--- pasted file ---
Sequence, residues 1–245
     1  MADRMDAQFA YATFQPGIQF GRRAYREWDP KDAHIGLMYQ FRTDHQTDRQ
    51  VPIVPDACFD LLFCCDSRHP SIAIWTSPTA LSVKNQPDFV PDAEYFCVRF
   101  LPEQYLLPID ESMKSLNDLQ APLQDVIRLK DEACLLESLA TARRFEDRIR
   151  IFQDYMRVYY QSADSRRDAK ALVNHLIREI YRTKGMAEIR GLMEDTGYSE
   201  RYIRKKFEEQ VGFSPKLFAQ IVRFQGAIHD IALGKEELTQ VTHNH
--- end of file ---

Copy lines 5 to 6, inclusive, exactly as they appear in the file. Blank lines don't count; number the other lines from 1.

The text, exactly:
   151  IFQDYMRVYY QSADSRRDAK ALVNHLIREI YRTKGMAEIR GLMEDTGYSE
   201  RYIRKKFEEQ VGFSPKLFAQ IVRFQGAIHD IALGKEELTQ VTHNH